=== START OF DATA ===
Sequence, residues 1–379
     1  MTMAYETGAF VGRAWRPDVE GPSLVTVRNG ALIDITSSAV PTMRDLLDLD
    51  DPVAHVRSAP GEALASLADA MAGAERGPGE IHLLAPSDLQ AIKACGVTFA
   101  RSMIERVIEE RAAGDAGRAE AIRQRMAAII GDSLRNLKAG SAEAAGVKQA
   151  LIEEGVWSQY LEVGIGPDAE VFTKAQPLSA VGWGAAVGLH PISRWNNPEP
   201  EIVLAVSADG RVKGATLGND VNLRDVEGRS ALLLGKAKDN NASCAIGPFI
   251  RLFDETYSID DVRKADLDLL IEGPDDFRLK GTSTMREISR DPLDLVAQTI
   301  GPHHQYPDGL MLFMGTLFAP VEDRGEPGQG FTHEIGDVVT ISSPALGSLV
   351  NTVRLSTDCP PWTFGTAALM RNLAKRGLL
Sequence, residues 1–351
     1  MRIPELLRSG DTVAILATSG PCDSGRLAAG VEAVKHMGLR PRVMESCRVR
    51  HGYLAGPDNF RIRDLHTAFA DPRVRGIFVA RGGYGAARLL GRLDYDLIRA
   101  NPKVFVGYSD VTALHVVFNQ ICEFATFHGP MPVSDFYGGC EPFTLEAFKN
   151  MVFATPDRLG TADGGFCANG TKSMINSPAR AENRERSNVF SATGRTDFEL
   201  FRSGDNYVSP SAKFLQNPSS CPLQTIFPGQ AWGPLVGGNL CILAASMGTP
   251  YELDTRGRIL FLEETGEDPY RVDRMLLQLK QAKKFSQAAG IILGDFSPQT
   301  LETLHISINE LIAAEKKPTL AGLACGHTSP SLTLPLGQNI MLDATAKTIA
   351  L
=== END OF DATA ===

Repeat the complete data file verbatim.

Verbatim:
Sequence, residues 1–379
     1  MTMAYETGAF VGRAWRPDVE GPSLVTVRNG ALIDITSSAV PTMRDLLDLD
    51  DPVAHVRSAP GEALASLADA MAGAERGPGE IHLLAPSDLQ AIKACGVTFA
   101  RSMIERVIEE RAAGDAGRAE AIRQRMAAII GDSLRNLKAG SAEAAGVKQA
   151  LIEEGVWSQY LEVGIGPDAE VFTKAQPLSA VGWGAAVGLH PISRWNNPEP
   201  EIVLAVSADG RVKGATLGND VNLRDVEGRS ALLLGKAKDN NASCAIGPFI
   251  RLFDETYSID DVRKADLDLL IEGPDDFRLK GTSTMREISR DPLDLVAQTI
   301  GPHHQYPDGL MLFMGTLFAP VEDRGEPGQG FTHEIGDVVT ISSPALGSLV
   351  NTVRLSTDCP PWTFGTAALM RNLAKRGLL
Sequence, residues 1–351
     1  MRIPELLRSG DTVAILATSG PCDSGRLAAG VEAVKHMGLR PRVMESCRVR
    51  HGYLAGPDNF RIRDLHTAFA DPRVRGIFVA RGGYGAARLL GRLDYDLIRA
   101  NPKVFVGYSD VTALHVVFNQ ICEFATFHGP MPVSDFYGGC EPFTLEAFKN
   151  MVFATPDRLG TADGGFCANG TKSMINSPAR AENRERSNVF SATGRTDFEL
   201  FRSGDNYVSP SAKFLQNPSS CPLQTIFPGQ AWGPLVGGNL CILAASMGTP
   251  YELDTRGRIL FLEETGEDPY RVDRMLLQLK QAKKFSQAAG IILGDFSPQT
   301  LETLHISINE LIAAEKKPTL AGLACGHTSP SLTLPLGQNI MLDATAKTIA
   351  L